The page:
¶ 23 Statutory interpretation begins and usually ends with the statute's plain meaning. Because statutes are the creation of the people's elected representatives in the legislature, the “fundamental objective” of statutory interpretation “is to ascertain and carry out the Legislature's intent.” Dep't of Ecology v. Campbell & Gwinn, LLC, 146 Wash.2d 1, 9, 43 P.3d 4 (2002) (citing State v. J.M., 144 Wash.2d 472, 480, 28 P.3d 720 (2001)). Under the plain meaning rule, “if the statute's meaning is plain on its face, then the court must give effect to that plain meaning as an expression of legislative intent.” Id. at 9-10, 43 P.3d 4 (emphasis added) (citing J.M., 144 Wash.2d at 480, 28 P.3d 720). When a statute does not define a word it uses, as here, the word's plain meaning includes its dictionary definition. State v. Sullivan, 143 Wash.2d 162, 175, 19 P.3d 1012 (2001). “[T]he plain meaning rule requires courts to consider legislative purposes or policies appearing on the face of the statute as part of the statute's context.” 2A Norman J. Singer & J.D. Shambie Singer, Statutes and Statutory Construction § 48A:16, at 918 (7th ed.2007); accord State ex rel. Faulk v. CSG Job Ctr., 117 Wash.2d 493, 500, 816 P.2d 725 (1991) (stating, “a statute is to be interpreted in a manner that is consistent with its underlying purpose” (citing In re Det. of Cross, 99 Wash.2d 373, 382, 662 P.2d 828 (1983))). Although a statute's plain meaning usually ends the debate, this court will look beyond the face of the statute if following the plain meaning would yield absurd results. See State v. J.P., 149 Wash.2d 444, 450, 69 P.3d 318 (2003).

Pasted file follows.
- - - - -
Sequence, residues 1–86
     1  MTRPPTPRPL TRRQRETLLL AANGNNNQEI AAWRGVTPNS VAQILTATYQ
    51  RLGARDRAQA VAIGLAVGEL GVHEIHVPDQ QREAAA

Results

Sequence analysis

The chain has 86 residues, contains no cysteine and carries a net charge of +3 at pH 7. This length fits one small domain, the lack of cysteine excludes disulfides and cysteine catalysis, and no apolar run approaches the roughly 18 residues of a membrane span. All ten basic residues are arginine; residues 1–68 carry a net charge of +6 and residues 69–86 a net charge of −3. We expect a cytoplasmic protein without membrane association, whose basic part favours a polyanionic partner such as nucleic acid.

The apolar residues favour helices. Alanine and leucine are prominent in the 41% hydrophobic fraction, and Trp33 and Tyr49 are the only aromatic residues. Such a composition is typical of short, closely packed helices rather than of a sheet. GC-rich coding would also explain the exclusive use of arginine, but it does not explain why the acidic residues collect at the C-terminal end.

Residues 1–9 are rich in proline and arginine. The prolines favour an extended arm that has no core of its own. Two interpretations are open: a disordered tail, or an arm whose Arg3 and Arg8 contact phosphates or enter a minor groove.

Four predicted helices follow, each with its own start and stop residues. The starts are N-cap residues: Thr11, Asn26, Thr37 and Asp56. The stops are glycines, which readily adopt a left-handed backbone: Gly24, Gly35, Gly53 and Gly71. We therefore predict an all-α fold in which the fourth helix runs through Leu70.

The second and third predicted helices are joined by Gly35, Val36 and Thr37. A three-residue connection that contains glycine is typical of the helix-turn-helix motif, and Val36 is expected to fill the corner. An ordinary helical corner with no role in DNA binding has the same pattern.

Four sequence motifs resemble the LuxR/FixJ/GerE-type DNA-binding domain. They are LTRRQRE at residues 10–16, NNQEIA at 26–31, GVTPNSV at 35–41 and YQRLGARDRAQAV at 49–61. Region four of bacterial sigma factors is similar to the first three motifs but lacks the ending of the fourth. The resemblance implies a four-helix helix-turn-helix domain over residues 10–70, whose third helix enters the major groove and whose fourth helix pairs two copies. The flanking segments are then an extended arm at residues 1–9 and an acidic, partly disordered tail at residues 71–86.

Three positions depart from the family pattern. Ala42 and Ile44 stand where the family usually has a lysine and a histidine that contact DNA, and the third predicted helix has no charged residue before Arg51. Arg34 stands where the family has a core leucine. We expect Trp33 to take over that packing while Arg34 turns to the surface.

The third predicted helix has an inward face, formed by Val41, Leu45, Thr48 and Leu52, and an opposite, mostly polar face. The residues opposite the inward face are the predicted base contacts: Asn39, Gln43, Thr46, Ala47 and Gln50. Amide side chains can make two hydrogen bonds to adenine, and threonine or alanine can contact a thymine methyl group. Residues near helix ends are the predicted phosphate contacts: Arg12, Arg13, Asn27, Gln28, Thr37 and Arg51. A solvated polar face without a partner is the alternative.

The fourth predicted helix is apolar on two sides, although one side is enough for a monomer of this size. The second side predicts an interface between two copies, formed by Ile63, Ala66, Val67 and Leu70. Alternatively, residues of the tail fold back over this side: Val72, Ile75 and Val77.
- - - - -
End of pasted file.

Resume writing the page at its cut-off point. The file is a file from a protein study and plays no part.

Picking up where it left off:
A. The words of RCW 9.94A.533(5)
¶ 24 RCW 9.94A.533(5) provides:
The following additional times shall be added to the standard sentence range if the offender or an accomplice committed the offense while in a county jail or state correctional facility and the offender is being sentenced for one of the crimes listed in this subsection․
(c) Twelve months for offenses committed under RCW 69.50.4013.
The majority concludes that RCW 9.94A.533(5) “requires that a defendant took some voluntary act to be placed within the enhanced zone.” Majority at 11 (emphasis added). But, as the majority acknowledges, “the language of RCW 9.94A.533(5) is silent on whether a volitional act is required before imposing an enhancement.” Majority at 7. The words “voluntary,” “volitional,” “willful,” and their kind do not appear in the statute. Words such as “entered” and “be placed” are conspicuously absent, showing that the legislature did not intend to include an actus reus. The majority adds words to the statute even though “[w]e cannot add words or clauses to an unambiguous statute when the legislature has chosen not to include that language.” State v. Delgado, 148 Wash.2d 723, 727, 63 P.3d 792 (2003).